Article ID: 181918 - View products that this article applies to.
This article was previously published under Q181918
For a Microsoft Excel for Windows version of this article, see 323625
Microsoft Excel for Mac calculates a number based on its stored value not its displayed value. When a formula or worksheet function performs a calculation, Excel for Mac uses the values in cells that are referenced by the formula. Note that the displayed value may be different because of number formatting.
When you format numbers by clicking Cells on the Format menu, you alter the way Excel for Mac displays the numbers; however, when you calculate numbers, Excel for Mac performs the calculations by using the stored values. When you calculate formatted values, you may receive unexpected results because the displayed numbers may be slightly different from the stored values.
For example, if two cells each contain the value 10.005, and the cells are formatted to display values as currency, the value $10.01 is displayed in each cell. If you add the two cells together, the result is $20.01 because Excel for Mac adds the stored values (10.005 + 10.005), not the displayed values ($10.01 + $10.01).
If you want the calculations to be based on the displayed values, you can change the precision of calculations so that they use the displayed values instead of the stored values. To do this, use the Precision As Displayed feature or make sure that the values are rounded to the same precision as the number formatting.
Round Values to the Same Precision as Number FormattingYou can use the ROUND worksheet function to round values to a specific precision.
For this example, type the following in a new worksheet:
The resulting values in the cells appear to be:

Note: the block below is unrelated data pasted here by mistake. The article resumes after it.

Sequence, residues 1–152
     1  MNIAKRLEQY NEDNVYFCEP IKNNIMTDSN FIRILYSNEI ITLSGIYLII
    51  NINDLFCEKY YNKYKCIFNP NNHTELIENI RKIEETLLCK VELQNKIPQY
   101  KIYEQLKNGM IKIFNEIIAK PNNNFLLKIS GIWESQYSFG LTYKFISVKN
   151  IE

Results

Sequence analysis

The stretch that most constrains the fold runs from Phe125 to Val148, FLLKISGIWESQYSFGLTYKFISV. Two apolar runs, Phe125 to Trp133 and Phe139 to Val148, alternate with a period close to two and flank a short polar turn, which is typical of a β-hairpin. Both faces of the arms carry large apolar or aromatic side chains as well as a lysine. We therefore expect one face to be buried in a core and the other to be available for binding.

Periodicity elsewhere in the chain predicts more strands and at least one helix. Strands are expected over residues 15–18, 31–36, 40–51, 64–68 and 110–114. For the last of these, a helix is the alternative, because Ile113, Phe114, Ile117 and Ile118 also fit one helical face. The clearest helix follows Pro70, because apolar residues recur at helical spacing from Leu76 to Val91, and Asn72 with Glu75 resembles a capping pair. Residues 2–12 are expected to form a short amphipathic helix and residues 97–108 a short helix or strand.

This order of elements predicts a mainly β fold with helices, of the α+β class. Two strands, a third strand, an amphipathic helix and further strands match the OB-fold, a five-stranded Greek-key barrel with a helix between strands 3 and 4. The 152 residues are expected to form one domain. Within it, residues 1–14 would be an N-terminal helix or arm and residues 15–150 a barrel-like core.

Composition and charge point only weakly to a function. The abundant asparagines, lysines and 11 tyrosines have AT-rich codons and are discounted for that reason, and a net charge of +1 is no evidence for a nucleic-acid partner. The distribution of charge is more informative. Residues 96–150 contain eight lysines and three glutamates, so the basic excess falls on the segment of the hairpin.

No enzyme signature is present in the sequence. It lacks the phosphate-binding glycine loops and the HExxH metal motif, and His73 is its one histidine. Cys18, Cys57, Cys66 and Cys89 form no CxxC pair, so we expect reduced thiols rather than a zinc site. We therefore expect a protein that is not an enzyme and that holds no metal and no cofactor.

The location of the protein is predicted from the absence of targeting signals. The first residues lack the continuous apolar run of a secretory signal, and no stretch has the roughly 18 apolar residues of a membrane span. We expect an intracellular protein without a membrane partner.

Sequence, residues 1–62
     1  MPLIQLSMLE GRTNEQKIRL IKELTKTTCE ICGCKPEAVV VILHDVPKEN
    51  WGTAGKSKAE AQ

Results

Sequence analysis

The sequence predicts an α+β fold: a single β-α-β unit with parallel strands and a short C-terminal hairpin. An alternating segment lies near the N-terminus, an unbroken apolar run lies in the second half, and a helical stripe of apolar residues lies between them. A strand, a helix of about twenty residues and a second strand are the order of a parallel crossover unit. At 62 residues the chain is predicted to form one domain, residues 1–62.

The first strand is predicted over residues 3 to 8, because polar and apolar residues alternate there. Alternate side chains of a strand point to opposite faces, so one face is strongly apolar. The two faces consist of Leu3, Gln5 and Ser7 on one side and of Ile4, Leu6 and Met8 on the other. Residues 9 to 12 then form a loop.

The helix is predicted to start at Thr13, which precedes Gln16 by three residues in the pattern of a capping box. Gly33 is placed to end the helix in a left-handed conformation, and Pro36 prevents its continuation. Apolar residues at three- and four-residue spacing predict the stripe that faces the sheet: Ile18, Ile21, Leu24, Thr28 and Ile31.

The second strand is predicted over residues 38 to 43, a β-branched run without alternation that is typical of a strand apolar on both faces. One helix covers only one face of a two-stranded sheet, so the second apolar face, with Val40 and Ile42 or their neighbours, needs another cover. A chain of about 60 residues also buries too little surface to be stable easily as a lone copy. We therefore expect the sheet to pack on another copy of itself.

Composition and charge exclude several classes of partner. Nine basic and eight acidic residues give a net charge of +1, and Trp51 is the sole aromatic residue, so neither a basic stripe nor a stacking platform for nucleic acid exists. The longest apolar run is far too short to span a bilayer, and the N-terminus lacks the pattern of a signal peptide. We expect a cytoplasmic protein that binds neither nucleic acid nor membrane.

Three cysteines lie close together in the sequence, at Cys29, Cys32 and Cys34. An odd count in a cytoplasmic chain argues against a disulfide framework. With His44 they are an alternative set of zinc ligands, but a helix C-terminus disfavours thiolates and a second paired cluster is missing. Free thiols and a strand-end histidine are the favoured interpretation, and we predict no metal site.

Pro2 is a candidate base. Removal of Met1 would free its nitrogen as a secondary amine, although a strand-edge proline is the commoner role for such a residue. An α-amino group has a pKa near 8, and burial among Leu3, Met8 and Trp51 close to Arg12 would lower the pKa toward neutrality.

$A$1: $10.005 $A$2: $10.005 $A$3: =SUM(A1:A2)
This gives the appearance of an error in calculation, as stated earlier. To round the precision to reflect the apparent resulting value in A3, replace the entries with the following:
$A$1: $10.01 $A$2: $10.01 $A$3: $20.01
If you now use the currency format, the following values are displayed:
$A$1: =ROUND(10.005,2) $A$2: =ROUND(10.005,2) $A$3: =SUM(A1:A2)
When you do this, the worksheet function takes the result of the expression in the first argument and rounds it to the hundredth's place (two digits to the right of the decimal).
$A$1: $10.01 $A$2: $10.01 $A$3: $20.02
Round All Values in a Worksheet by Using Precision As DisplayedIf you want the calculations to be based on the displayed values, change the precision of calculations so that they use the displayed values instead of the stored values. To do this, follow these steps:
For more information about calculation precision, click Microsoft Excel for Mac Help on the Help menu, type precision calculation in the Office Assistant or the Answer Wizard, and then click Search to view the topics returned.
Article ID: 181918 - Last Review: January 22, 2007 - Revision: 3.2